Steve Weatherbe

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Canadian Tory MP leaving politics to fight prostitution

Steve Weatherbe
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Winnipeg Conservative MP Joy Smith

WINNIPEG, Manitoba, January 27, 2015 (LifeSiteNews.com) -- Prostitution’s staunchest foe in Parliament is stepping down as MP for the Winnipeg riding of St. Paul-Kildonan, but Joy Smith is not abandoning the cause of the thousands of young women and men trapped in prostitution.

The 67-year-old mother of six and ex-special needs teacher and businesswoman will still devote herself to the fight to stop prostitution and rehabilitate those it has enslaved, at the helm of the Joy Smith Foundation.

“I’ve always done things according to where God wanted me to be,” said Smith, who was a provincial MLA before her election to the House of Commons in 2004 and describes herself as “an evangelical Christian.”

“I pray all the time. My faith and my God are everything to me,” she said. Now, God wants her to continue to fight prostitution in Canada, but from outside Parliament.

Nobody could fault her for what she has accomplished inside it. Inspired by the work of her son, a member of a special RCMP police team aimed at stopping international  sex trafficking, she has used her time in Ottawa to get two private member’s bills passed amending the Criminal Code, the only MP in Canadian history to do so. Her first bill set a mandatory five-year sentence for trafficking children for sex; the second enabled Canadians to be prosecuted for sex offences against children committed outside Canada.

Smith next introduced a motion calling for a “national action plan” against international human trafficking, which the House of Commons unanimously endorsed. In 2012 the federal government announced its National Action Plan to Combat Human Trafficking.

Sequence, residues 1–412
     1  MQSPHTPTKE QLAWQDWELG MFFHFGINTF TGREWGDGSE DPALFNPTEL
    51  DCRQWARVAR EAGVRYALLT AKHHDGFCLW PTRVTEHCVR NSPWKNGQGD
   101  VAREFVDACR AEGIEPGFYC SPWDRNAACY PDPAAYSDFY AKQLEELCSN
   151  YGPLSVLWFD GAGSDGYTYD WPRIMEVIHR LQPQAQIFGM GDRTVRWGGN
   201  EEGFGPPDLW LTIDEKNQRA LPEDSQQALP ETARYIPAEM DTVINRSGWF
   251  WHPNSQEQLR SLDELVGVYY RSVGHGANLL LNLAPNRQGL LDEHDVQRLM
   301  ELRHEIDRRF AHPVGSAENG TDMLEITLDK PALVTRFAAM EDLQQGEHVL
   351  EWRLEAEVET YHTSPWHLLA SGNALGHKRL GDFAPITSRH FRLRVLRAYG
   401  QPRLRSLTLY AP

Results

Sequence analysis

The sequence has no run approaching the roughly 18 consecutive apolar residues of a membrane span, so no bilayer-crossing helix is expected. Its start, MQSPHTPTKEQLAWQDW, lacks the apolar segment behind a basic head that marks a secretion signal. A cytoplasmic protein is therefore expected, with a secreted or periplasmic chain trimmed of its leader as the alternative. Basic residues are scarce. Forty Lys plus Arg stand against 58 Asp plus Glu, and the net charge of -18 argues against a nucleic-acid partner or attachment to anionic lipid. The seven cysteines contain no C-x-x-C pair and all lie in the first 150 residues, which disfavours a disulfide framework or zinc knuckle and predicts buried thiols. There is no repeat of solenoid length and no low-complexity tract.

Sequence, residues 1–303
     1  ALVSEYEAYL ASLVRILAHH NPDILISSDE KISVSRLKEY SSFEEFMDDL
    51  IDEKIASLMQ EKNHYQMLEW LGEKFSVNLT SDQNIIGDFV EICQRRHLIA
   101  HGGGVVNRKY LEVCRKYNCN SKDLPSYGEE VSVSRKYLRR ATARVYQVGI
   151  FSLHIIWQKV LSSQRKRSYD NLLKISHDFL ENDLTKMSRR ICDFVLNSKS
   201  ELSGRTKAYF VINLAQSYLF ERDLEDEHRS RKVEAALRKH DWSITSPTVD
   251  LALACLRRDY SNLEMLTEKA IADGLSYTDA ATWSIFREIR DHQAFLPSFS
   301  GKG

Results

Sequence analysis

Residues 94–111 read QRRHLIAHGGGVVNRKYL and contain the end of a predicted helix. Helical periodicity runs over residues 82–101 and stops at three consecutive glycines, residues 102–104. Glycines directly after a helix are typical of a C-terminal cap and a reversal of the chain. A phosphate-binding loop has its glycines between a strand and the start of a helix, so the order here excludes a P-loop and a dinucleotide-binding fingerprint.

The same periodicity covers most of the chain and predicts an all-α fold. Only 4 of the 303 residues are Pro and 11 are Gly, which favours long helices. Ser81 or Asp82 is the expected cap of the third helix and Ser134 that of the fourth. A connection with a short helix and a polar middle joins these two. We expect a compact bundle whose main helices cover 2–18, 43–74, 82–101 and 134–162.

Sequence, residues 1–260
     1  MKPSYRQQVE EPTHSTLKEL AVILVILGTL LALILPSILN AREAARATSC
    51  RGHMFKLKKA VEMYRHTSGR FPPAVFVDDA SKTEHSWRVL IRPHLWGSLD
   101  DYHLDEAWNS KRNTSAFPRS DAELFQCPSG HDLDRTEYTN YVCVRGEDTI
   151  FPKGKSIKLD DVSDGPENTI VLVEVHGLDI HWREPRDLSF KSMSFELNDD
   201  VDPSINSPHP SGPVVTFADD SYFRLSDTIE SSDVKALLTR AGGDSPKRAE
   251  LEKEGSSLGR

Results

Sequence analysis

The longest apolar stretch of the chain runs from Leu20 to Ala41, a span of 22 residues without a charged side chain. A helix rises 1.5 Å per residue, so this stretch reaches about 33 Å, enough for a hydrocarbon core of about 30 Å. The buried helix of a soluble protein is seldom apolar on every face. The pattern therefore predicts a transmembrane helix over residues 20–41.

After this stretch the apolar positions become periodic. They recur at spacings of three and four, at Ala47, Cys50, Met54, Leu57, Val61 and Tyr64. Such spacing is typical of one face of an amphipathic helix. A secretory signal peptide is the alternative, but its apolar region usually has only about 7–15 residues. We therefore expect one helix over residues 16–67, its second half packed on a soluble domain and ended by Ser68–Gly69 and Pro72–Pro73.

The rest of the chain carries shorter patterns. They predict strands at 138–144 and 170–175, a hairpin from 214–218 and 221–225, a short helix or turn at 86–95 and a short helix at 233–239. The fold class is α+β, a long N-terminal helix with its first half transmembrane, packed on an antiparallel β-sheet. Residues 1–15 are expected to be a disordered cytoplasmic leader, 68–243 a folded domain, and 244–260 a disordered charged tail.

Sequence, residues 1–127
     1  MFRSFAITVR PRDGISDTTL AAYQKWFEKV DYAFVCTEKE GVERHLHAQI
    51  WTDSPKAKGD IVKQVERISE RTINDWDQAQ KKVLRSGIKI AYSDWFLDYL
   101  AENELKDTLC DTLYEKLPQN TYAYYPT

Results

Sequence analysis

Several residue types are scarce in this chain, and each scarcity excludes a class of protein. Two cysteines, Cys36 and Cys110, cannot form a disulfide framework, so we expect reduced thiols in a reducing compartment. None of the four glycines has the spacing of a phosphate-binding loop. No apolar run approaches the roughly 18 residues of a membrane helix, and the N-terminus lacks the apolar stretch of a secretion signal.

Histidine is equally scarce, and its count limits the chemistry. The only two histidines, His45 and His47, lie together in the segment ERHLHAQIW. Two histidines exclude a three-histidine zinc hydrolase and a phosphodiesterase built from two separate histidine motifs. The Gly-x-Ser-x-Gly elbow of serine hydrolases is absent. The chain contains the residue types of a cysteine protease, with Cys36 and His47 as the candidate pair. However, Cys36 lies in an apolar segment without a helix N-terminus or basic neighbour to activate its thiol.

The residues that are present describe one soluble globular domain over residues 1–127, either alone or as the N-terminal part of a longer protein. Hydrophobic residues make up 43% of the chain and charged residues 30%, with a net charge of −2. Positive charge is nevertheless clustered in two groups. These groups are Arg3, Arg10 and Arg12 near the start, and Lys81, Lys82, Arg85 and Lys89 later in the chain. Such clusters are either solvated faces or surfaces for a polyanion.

Smith was also, unsurprisingly, one of the principal promoters of the controversial new anti-prostitution law passed late last year that criminalized the buying of sexual services and third-party profiteering, but decriminalizes selling sexual favors except near schools or child care centres.

“That bill came about because the Supreme Court gave Canadians a Christmas present two Christmases ago which was to declare all existing laws on prostitution unconstitutional,” she told LifeSiteNews. “But they also gave the government a year to pass a new law.”

Smith helped assemble an unlikely coalition of church, feminist, and social justice groups to promote the so-called “Nordic” approach in Canada, and got many of them to make submissions to the government and then to the Commons and Senate justice committees.

There was opposition: some claimed the bill would make doing ‘business’ more difficult for women in prostitution; others said prostitution was a matter of a woman’s choice. Smith’s witnesses told a different story. “A very small number choose this life,” she said. “What young girl would choose to spend her night servicing one man after another and then giving all the money to a pimp?”

The typical story is that young runaways are befriended by pimps who gain their trust, then steal their identification, rape them and force them, in a state of shock, into prostitution. “They make $260,000 to $280,000 from each one,” she said.

Last year she told the House of Commons, “Prostitution exploits women, youth and vulnerable populations. It escalates gender inequalities by turning women's bodies into a commodity to be bought, sold, rented and exploited by men. In short, prostitution provides an avenue for abuse and violence.”

When the anti-prostitution bill was passed, there was an immediate reaction from civil libertarians calling on Ontario Premier Kathleen Wynne and other premiers to negate it by ordering police and prosecutors to not enforce it. Wynne seemed sympathetic. “She misspoke,” declares Smith. “My own son in the RCMP was appalled. Politicians don’t tell the police what to prosecute.” Smith said that since then supporters of the new law have met with Wynne and, she believes, convinced her of its necessity.

But the job isn’t over. Smith says her foundation will carry on the fight in two ways: first, through public education. “When I entered Parliament nobody there knew anything about human trafficking,” she said. “Most Canadians still don’t know anything.”

Smith expects to do a lot of traveling to raise public awareness. The second function of the foundation will be to raise funds to support organizations across Canada helping women and men escape from the trade by running halfway houses, shelters, and vocational courses.

Smith’s time in Parliament belies the claims of some backbenchers that they are thwarted by the restrictions of party discipline. “If you believe in something strongly enough and are willing to work hard for it, you can accomplish a lot,” she said. Especially with prayer, she says. “I pray that no weapon formed against me shall prosper.”

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